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But some say that this way of looking at the issue is misleading. That 1 percent, they contend, doesn't represent the same people over time, because the deck is constantly being reshuffled as Americans move into and out of the top tier.
As Thomas Garrett, an economist with the St. Louis Fed, put it in a report last year: "[C]omparing different income quintiles over time is like comparing apples to oranges, because it means comparing incomes of different people at different stages in their earnings profile." The economic historian Joseph Schumpeter used another metaphor: "The upper strata of society are like hotels which are indeed always full of people, but people who are forever changing," he once said.
If that's the case, it would have important implications for the fierce debate over inequality that's currently unfolding. But how well does the claim hold up?
Studies that look at economic mobility over time are complicated and take decades to complete, so there isn't a huge amount of reliable data. But perhaps the most authoritative recent analysis (pdf) was done by the Treasury Department in 2007. It found a picture that might best be described as mixed.
On the one hand, the study, which looked at the period between 1996 and 2005, found what it called "considerable income mobility." Less than half of those in the top 1 percent in 1996 were still there by 2005. Nor was the movement confined to the top. Around half of those in the bottom income quintile for 1996--that is, the poorest 20 percent of Americans, by income--had moved out of it by 2005, and more than half of all taxpayers moved from one income quintile to another during that time.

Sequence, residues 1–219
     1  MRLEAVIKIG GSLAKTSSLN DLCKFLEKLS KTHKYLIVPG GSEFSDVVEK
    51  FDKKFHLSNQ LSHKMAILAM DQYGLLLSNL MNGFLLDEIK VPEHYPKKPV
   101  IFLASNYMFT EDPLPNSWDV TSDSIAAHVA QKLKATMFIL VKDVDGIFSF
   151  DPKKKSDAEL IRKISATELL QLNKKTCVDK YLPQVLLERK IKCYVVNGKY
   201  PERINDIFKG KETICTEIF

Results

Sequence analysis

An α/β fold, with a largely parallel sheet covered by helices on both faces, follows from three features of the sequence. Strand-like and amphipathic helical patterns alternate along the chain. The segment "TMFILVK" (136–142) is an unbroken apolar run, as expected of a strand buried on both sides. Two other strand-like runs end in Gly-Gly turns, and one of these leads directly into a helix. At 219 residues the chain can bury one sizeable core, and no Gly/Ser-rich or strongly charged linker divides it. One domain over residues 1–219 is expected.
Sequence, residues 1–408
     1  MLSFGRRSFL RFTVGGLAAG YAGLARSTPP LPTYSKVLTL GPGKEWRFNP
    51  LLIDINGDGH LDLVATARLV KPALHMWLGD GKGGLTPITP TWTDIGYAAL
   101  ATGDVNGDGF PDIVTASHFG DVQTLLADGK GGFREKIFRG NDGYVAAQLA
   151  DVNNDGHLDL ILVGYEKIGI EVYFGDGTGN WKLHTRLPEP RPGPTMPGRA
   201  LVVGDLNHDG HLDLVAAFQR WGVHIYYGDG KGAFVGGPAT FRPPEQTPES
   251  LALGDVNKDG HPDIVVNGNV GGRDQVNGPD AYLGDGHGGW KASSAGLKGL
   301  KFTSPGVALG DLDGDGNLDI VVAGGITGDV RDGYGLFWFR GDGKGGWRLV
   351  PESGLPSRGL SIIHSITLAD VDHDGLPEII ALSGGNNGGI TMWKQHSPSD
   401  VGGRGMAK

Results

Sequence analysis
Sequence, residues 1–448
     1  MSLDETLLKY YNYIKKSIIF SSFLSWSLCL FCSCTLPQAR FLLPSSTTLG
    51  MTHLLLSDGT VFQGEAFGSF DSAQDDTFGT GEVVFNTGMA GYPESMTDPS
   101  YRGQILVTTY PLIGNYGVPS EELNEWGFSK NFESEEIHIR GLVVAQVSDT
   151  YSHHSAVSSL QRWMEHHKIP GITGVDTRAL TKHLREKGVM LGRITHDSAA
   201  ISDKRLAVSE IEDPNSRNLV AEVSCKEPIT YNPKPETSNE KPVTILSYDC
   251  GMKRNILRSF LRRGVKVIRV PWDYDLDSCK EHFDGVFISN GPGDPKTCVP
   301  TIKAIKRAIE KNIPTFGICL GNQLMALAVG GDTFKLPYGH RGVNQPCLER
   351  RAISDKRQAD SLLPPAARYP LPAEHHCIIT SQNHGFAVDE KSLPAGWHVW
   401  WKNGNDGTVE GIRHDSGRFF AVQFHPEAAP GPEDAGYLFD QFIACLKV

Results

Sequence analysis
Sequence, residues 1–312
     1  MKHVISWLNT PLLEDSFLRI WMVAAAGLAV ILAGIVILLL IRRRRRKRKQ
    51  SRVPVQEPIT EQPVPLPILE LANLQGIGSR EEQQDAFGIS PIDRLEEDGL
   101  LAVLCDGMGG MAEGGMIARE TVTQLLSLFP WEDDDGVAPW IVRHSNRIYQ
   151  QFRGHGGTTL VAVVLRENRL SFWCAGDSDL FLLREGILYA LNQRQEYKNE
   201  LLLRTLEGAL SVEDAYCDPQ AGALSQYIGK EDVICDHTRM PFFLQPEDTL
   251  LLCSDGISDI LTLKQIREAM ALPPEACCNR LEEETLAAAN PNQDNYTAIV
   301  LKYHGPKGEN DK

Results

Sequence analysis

That sounds like a lot of flux. And yet, your chances of being in the top 1 percent in 2005 were enormously dependent on where you were nine years earlier. If you were in the top 1 percent in 1996, you had a better than 4 in 10 chance of still being there in 2005. But if you were anywhere in the bottom 80 percent in 1996, you had just a 1 in 400 chance of making it into the top 1 percent.
And although those in the very top tier may sometimes fall out of it, they usually don't fall all that far. More than 8 out of every 10 people who were in the top 1 percent in 1996 were still in at least the top 10 percent--whose share of total income has also increased markedly since 1980--by 2005. And 3 out of 4 of those in the top 1 percent in 1996 were still in the top 5 percent nine years later. In other words, the great majority remained extremely wealthy compared to their fellow Americans.
And consider this: If you were in the top 10 percent in 1996, you had a better than 6 in 10 chance of also being there in 2005. But if you were in the bottom 20 percent, your chances of cracking that top 10 percent were just 2.3 percent. Your chances of staying in the bottom 40 percent, meanwhile, were better than 7 in 10.
"Data shows that people who start in the top tend to remain in the top and those who start in the bottom, tend to be stuck there," Erin Currier of Pew's Economic Mobility Project, which has conducted broad-based studies of mobility over generations, told Yahoo News. "This makes the inequality we see today all the more troubling. Without economic mobility, Americans don't have equality of opportunity."
What's the takeaway from all this? One conclusion is that the focus on a specific group described as the 1 percent-- though perhaps politically effective for the Occupy Wall Street protestors--isn't the most accurate way to describe what's happened in America over the last 30 years, because the makeup of that 1 percent is by no means constant.
At the same time, though, the great majority of those going into and out of that 1 percent are already, by and large, much wealthier than most Americans. So the gains made by that top 1 percent may be benefiting more than 1 percent of taxpayers, but they're still mostly going to a small minority, while a majority sees its share decline.
The 1 percent may not be as distinct a group as Occupy Wall Street would have it. But the larger point--that the rich are getting richer, and only a rarefied minority of Americans are getting their turn in the sun--seems hard to dispute.
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